As the divers dug with high-pressure waterjets and dredges, they encountered a fascinating array of finds that had fallen off the ship, from rigging hardware to gunport lids, and the first of more than seven hundred finely carved sculptures. They also found the mainmast lying next to the ship, and the ship's longboat. When one of Vasa's cannon was discovered, its raising on 5 September 1958 was covered live by Swedish Radio. The ship became a constant feature of the news, and Fälting, the tough, non-nonsense dive boss, became a national hero.
The first lift
On 20 August 1959, all was ready for the initial lift. Would the pontoons have enough power to pull the ship free of the mud? Would the hull hold together under the strain? The pumps were started, and the pontoons began to rise. Vasa was free again after 331 years! As the ship was lifted it was moved into shallower water, set down, and the process repeated, Each lift gained a little less than a metre, and in 18 stages the ship was moved into the lee of Kastellholmen, where divers could work year round at 17 metres depth to prepare the ship for the final lift.
For more than 18 months, a small team of commercial divers plugged holes where bolts had rusted away, fitted covers over the open gunports, and rebuilt the bow and stern to make them watertight. Steel rods were fastened across the hull to help hold it together. It was also important to make the ship lighter. The central part of the upper gundeck, which was covered with mud and debris, was cleared. More than a thousand objects were found: coins, personal belongings, gun carriages, tools and the bones of five people who had been on board when the Vasa foundered. .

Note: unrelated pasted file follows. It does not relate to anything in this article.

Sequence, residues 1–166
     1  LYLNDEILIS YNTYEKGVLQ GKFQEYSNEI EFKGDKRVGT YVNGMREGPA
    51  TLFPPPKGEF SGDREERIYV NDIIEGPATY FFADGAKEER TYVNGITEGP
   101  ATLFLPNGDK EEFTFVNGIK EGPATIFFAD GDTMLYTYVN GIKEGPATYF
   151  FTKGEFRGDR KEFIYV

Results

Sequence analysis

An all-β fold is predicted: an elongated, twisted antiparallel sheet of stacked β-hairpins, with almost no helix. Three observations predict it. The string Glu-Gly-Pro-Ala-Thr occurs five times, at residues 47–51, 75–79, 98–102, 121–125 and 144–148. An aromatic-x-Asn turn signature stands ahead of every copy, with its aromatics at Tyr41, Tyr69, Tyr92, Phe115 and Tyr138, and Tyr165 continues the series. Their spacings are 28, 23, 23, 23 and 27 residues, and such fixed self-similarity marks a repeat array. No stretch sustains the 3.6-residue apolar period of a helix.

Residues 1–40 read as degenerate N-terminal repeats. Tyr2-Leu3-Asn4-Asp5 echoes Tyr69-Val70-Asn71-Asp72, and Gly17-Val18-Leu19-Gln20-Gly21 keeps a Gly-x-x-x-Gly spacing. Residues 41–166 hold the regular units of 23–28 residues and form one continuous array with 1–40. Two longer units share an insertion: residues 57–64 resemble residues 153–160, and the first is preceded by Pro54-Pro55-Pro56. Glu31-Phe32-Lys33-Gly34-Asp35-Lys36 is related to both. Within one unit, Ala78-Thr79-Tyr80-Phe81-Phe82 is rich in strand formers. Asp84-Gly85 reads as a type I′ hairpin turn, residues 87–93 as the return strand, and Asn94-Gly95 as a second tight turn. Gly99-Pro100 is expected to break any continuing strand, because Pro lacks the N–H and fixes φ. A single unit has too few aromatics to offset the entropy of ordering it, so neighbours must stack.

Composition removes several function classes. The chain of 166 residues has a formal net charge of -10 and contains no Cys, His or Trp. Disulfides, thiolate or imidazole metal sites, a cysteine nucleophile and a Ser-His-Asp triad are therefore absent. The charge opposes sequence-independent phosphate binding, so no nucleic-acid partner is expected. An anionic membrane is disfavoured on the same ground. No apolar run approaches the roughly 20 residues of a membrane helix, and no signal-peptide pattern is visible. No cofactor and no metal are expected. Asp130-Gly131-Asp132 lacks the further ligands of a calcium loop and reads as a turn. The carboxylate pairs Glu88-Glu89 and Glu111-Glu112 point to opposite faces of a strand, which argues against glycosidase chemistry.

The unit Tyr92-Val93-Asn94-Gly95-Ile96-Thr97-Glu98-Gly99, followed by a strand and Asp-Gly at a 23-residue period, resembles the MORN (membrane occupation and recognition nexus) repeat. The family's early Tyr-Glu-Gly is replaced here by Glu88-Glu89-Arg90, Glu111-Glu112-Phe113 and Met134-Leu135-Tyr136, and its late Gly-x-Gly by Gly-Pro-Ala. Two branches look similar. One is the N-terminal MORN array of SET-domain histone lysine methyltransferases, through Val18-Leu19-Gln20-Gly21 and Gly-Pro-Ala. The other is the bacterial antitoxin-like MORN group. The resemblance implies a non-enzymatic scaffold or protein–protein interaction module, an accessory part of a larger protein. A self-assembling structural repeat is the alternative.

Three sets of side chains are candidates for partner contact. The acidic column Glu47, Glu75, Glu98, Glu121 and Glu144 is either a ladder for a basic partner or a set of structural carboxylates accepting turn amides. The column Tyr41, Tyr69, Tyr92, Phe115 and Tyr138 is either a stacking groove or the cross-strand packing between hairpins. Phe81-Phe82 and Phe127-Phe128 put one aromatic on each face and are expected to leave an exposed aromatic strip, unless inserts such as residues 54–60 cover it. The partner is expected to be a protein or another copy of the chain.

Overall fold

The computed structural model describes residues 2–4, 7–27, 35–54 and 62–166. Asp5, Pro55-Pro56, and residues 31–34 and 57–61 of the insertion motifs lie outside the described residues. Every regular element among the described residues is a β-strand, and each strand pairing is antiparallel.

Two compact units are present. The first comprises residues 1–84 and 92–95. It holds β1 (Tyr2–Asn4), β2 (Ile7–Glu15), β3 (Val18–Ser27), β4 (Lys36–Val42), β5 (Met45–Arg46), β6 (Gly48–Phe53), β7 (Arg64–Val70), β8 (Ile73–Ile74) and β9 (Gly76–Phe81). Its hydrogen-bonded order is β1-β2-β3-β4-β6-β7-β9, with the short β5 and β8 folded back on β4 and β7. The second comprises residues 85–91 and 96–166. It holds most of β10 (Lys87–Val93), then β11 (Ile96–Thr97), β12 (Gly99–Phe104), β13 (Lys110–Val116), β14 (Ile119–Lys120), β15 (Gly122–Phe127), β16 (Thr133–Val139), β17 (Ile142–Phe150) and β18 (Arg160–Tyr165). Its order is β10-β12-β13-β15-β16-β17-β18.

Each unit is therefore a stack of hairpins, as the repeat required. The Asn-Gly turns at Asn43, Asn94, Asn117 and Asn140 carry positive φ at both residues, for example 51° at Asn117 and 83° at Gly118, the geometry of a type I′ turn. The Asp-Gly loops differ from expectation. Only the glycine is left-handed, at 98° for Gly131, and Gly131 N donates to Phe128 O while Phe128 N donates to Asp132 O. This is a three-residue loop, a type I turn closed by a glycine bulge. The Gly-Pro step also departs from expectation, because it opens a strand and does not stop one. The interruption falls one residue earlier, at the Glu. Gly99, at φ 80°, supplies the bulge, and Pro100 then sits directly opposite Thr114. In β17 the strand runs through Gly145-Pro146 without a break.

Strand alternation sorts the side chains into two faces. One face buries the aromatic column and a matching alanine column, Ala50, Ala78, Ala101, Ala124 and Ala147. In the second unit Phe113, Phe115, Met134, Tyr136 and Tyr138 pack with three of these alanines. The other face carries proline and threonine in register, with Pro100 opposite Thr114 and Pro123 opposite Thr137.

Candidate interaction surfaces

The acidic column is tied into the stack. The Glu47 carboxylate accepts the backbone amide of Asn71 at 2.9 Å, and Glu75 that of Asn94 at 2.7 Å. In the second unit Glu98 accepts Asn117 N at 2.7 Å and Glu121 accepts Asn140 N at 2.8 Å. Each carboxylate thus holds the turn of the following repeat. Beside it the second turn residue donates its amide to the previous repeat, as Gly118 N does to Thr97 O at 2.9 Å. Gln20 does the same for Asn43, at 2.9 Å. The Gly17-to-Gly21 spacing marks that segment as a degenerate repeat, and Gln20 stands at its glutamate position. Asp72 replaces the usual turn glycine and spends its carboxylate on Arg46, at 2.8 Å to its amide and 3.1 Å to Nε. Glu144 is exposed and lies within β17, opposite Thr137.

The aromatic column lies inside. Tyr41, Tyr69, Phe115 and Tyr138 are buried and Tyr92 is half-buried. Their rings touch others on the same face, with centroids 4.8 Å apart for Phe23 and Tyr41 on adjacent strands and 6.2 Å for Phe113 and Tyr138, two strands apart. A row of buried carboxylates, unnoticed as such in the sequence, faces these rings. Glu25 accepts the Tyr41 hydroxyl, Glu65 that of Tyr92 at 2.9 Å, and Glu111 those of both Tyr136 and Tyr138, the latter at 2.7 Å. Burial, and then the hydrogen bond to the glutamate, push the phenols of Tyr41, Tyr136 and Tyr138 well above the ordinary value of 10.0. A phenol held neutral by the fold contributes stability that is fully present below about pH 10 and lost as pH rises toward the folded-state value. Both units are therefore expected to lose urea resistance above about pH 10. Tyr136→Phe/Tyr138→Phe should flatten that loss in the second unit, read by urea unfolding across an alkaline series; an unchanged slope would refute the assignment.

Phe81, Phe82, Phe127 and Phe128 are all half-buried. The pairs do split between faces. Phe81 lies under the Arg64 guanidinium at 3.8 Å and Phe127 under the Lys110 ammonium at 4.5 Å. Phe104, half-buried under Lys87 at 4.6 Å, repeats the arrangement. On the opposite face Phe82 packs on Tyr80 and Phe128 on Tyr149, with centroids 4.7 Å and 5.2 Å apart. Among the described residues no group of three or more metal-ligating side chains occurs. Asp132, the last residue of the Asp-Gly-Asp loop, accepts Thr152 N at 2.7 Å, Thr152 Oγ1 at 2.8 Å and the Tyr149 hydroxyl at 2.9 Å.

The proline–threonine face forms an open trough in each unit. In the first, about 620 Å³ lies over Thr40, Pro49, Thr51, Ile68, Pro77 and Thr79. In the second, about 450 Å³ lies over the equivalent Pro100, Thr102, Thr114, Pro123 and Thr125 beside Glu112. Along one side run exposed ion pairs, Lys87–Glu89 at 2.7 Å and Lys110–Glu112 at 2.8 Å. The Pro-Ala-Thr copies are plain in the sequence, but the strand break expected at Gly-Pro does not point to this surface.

Out of the darkness into the light
On Monday, 24 April 1961, thousands of people crowded the shores around Kastellholmsviken, much as they had lined the shore almost 333 years earlier. Radio, television and newspaper reporters filled special media boats at the centre of the action, and Swedish Television broadcast live to all of Europe.
The clock showed 09.03 when the tops of a few eroded frames peeked out of the water. Soon, the carved heads of four warriors emerged, followed by the outline of the whole ship at last. It really was a ship, come back from the dead, a sensation. Even today, many still remember where they were when Vasa rose from the deep.
Much remained to be done. Thousands of tons of mud and water had to be pumped out of the hull to refloat it, and the ship had to be moved onto a pontoon of its own, where it could be excavated and conserved. Archaeologists had to come on board to excavate the interior, and conservators had to begin the arduous process of treating the ship so it would not shrink and crack. Diver would spend five more years recovering thousands of loose pieces of the beakhead, sterncastle and upper deck, which lay around the hole where the ship had been, together with the ship's longboat and anchors. But April 1961 represent a milestone, a good start on the long road to the museum we have today.